A service highlighting the riches of the daily press.
The wet weather that has damped the British summer has a new pair of victims: Kylie and Jason.
Ms Minogue and Mr Donovan - soap opera actors turned popular singers of 1980s vintage, for the uninitiated - had been due to reunite at a concert in London's Hyde Park to celebrate the acts produced/manufactured (delete according to taste) by the Stock, Aitken and Waterman "Hit Factory" (quotemarks Paper Monitor's own).
For aficionados of cheesy pop music, the highlight of the event was due to be the pair performing the saccharine ballad Especially For You together for the first time in decades - but now adverse weather has led to the event's cancellation.
Newspapers make money by understanding their readers' cultural tastes as well as their favourite topics of conversation. In the UK, where both nostalgia and talking about the weather are among the most highly-favoured pastimes, the story represents something of (excuse the pun) a perfect storm.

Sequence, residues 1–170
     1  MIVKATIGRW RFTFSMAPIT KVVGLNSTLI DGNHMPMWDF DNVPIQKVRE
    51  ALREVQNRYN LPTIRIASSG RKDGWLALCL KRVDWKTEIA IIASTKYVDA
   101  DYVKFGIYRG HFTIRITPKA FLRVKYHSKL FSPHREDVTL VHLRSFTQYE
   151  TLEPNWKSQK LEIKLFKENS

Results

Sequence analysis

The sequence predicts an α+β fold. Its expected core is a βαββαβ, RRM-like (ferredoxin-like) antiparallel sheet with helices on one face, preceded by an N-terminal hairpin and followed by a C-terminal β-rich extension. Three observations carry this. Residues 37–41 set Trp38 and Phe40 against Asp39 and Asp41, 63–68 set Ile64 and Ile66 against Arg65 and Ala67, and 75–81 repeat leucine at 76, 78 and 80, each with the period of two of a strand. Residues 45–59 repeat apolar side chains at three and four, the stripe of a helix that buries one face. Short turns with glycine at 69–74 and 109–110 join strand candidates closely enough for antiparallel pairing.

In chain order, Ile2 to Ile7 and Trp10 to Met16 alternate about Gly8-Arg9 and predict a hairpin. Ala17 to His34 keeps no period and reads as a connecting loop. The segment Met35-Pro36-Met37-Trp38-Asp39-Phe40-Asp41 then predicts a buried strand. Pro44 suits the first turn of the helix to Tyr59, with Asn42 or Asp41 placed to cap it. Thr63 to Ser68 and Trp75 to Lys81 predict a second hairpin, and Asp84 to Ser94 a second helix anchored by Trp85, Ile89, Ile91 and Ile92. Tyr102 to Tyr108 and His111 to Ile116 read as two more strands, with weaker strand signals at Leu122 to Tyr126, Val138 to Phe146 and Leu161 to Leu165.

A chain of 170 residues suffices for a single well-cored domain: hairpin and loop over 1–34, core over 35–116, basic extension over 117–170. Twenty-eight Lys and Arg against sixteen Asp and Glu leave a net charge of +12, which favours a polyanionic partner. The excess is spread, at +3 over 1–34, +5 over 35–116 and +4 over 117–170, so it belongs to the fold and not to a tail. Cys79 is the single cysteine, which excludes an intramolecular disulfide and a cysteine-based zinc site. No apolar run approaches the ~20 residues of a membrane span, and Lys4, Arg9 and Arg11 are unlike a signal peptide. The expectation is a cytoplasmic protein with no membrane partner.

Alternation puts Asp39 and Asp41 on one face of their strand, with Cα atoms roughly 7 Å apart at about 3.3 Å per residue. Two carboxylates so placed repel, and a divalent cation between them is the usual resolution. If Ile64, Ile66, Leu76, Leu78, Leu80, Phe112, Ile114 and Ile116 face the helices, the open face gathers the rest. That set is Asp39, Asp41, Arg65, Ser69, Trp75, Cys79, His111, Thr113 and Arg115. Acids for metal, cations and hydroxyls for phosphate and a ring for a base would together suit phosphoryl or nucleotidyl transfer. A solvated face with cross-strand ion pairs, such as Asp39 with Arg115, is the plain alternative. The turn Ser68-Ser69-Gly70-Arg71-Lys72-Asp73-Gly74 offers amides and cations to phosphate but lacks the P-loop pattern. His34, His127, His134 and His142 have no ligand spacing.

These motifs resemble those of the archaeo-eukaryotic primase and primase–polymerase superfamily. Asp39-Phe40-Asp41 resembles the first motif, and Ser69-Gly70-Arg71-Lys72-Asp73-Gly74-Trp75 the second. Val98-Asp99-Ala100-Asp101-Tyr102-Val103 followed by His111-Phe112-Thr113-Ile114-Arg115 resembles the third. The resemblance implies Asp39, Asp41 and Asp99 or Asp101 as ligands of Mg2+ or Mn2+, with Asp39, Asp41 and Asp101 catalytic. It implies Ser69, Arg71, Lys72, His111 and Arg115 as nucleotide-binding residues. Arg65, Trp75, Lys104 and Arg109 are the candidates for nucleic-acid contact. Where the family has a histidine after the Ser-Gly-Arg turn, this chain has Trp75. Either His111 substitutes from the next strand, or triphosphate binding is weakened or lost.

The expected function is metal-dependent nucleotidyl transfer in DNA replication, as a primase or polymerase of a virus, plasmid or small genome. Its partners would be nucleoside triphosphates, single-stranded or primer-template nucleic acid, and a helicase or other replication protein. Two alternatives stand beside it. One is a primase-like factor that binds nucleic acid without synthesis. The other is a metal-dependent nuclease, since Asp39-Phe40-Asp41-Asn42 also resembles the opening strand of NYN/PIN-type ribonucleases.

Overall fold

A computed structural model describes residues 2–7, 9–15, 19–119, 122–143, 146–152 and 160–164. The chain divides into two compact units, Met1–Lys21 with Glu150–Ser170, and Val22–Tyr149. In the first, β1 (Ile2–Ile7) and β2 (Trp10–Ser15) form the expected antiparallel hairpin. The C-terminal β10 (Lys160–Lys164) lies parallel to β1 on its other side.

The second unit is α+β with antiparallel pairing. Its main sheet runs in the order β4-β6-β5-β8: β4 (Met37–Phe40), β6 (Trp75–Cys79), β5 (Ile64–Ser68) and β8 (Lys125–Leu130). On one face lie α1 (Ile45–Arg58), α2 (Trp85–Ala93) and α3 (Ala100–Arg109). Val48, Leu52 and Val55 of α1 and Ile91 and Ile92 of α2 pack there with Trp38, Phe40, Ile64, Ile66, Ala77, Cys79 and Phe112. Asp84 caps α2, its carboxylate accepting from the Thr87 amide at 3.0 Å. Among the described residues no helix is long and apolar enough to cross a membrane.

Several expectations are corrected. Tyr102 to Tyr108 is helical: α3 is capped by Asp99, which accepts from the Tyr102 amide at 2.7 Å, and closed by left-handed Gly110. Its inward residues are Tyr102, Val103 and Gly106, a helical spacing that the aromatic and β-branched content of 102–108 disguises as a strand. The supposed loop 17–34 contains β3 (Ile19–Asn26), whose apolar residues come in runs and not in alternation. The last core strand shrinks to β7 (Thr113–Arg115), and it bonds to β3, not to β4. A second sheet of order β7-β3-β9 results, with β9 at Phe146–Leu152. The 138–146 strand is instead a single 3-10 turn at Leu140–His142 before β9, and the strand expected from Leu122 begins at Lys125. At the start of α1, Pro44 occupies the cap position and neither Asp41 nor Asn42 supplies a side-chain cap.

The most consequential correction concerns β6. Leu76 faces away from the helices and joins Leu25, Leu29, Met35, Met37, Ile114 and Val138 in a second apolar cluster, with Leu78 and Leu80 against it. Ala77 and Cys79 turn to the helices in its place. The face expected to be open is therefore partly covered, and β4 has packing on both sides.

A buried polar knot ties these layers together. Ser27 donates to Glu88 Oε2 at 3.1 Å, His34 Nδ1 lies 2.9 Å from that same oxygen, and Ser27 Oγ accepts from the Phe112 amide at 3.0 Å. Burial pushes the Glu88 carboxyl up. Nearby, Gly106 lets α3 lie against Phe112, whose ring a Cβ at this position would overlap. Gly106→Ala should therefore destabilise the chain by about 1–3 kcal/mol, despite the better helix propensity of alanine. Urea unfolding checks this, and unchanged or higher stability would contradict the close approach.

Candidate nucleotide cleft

So far, so predictable. But the story is not always presented in the manner one might expect.
The Sun's account is unflashy, clipped, to-the-point, tinged with sorrow.
Likewise, the Daily Mirror is laced with pathos: "Fans' dreams of a Kylie Minogue and Jason Dovovan's duet is over after Hit Factory Live was cancelled."
It is the so-called upmarket papers who resort to puns and wordplay.
It's a role reversal of sorts. Perhaps this coming-together of the different sections of the newspaper market deserves a Hyde Park concert of its own.